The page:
Mason's transplant finally happened six months later. It's been over three years now, and Mason is a happy, healthy seven-year-old. His school marks are excellent, he plays basketball and soccer, and he's even working on his orange belt in Hapkido. Mason still visits the hospital every three months for a checkup. And, with the Foundation's continued support, Mason has access to the best possible care in the world.
"It wasn't a hard decision. It meant helping my child live longer."
Victor was born with a genetic metabolic disorder called Cystinosis, a condition where cystine crystals cannot flush out of his body and accumulate in his muscles and organs. This meant that one day, he would need a kidney transplant. Thankfully, just before his 18th birthday, he got that transplant from his mom Liz.
"It wasn't a hard decision. It meant helping my child live longer," says Liz. "Once I knew my son would need a transplant, I changed my lifestyle dramatically. I began eating healthier so I could be ready if ever the time came."
Right before his surgery, Victor shared his gratitude with his mom. "He hugged me and kissed me and said, 'Thank you, mom. I love you for everything you do for me. I'm ready.'" Victor had both of his kidneys replaced. Liz was discharged a few days after the transplant, but Victor stayed in hospital for nearly three weeks afterwards.
"To know I was able to help someone in their time of need and that their life depended on me - that was so special," Liz says. "Being a donor for my son made it all the more meaningful. It was like seeing my baby take his first breath again." And, when asked if she would consider donation again, Liz says, "I personally would do it again if I could, now and after I pass away. Being a donor has allowed me to celebrate the gift of life with my son."
At five months old, Chace was diagnosed with dilated cardiomyopathy. In layman's terms, it meant that his heart was twice the size it should have been. In fact, it took up so much room in his chest that his left lung collapsed.
Chace and his family spent a month at BC Children's Hospital PICU while trying to medically manage his heart failure. But every time they backed off the meds his heart would start to fail. It was confirmed that a transplant was the only option for him. That's when the decision was made to move Chace from his home in Vancouver to the Stollery Children's Hospital in Edmonton for a heart transplant.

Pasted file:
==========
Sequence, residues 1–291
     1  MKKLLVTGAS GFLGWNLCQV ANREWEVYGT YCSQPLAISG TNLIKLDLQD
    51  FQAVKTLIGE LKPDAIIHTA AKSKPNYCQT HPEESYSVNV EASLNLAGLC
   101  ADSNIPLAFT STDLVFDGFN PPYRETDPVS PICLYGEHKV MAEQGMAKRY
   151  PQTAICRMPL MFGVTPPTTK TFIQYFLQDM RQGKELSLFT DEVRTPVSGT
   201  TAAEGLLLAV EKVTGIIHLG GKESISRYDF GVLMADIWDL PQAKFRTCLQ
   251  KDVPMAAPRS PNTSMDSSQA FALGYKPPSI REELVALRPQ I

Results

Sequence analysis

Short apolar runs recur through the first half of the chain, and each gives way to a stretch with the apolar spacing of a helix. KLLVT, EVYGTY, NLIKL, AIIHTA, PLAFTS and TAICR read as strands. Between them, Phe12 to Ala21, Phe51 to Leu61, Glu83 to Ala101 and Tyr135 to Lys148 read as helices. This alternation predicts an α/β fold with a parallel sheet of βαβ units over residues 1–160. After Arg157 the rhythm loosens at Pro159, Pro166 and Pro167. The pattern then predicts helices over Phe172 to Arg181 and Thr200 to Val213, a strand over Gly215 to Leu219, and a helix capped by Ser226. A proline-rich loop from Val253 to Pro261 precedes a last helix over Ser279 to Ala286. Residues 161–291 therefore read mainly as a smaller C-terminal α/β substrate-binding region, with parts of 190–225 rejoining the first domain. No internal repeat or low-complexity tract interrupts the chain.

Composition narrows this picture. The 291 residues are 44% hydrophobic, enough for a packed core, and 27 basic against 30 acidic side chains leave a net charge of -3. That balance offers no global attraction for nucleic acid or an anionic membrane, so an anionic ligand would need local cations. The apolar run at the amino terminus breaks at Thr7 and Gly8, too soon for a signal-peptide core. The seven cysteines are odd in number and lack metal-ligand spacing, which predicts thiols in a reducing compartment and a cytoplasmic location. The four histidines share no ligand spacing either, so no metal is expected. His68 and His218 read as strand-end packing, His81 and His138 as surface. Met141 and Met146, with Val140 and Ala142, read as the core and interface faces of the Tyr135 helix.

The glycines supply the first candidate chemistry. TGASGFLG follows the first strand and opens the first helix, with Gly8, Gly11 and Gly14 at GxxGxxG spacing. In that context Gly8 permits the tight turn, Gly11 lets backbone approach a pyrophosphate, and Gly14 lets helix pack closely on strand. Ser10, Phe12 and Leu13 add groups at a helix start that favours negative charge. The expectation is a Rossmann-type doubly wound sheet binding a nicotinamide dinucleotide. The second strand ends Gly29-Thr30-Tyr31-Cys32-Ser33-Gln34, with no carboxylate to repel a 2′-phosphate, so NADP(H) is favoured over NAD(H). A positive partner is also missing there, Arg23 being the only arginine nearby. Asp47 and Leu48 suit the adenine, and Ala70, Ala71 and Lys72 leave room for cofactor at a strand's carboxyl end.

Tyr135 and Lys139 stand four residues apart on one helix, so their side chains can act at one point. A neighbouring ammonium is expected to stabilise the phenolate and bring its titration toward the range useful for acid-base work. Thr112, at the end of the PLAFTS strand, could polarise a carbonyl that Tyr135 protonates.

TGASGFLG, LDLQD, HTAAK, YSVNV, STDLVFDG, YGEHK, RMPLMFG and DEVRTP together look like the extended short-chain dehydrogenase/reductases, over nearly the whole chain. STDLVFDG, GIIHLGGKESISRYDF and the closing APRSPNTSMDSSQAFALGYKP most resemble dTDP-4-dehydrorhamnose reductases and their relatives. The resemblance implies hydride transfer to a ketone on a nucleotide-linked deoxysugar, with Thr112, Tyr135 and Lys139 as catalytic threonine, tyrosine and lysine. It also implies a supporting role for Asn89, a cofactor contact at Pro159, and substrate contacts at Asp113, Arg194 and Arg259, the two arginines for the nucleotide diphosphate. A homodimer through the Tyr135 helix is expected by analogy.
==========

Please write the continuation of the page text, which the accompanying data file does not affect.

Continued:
Then the waiting game started. Chace's parents practically lived in hospital with him and rented a small apartment not far away where they stayed. At first, Chace's dad flew back to Vancouver for his work shifts. But then he too got sick, making fewer work shifts and making their financial situation very tight. During Chace's stay, they tried to make a "normal" life out of a lousy situation. And, thanks to the David Foster Foundation, some of their living expenses were taken care of while in Edmonton.
The family continued to live in Edmonton for about six months until they got the call. A donor was found and a transplant was scheduled. Emotions were running high. But Chace came through his surgery with flying colours. He was sitting up after only 36 hours and discharged within 10 days of transplant.
In the year following Chace's transplant, he has shown no rejections on his biopsies. He is a happy two-year-old, and his family is thankful every day that he is there to run them ragged.
"We are so grateful to the donors who made the decision to save our little girl's life."
On a bright day in June 2009, a little girl's heart stopped. Her name was Phoenix and she was only eight weeks old. After being revived with epinephrine, Phoenix was airlifted to the Children's Hospital of Eastern Ontario. There, an X-ray determined that she had dilated cardiomyopathy, a condition that is untreatable by surgery.
Phoenix spent the next two weeks in the intensive care unit, on and off of breathing tubes and various medications. It was determined that she needed to be placed on the list for a transplant. But to get the treatment she dearly needed, the family had to relocate to Toronto. Her brother Isaiah was so distraught that he was plagued with nightmares. Her sister Alliyah was left back home and missed her siblings and mom so much that she became quiet and withdrawn.
On Aug 14, the family finally received the call they were waiting for and Phoenix was taken to the operating room for a new heart.
"We are so grateful to the donors who made the decision to save our little girl's life. We are also immensely grateful that the David Foster Foundation was there to help us stay together as a family during the most terrifying time of our lives," said Phoenix's mother.
After a successful transplant, Phoenix quickly caught up with life's milestones. There has been no rejection of her new heart, she is on minimal medication, and there have been very few complications. Today she is a big, healthy toddler who loves to talk, run, climb, and explore.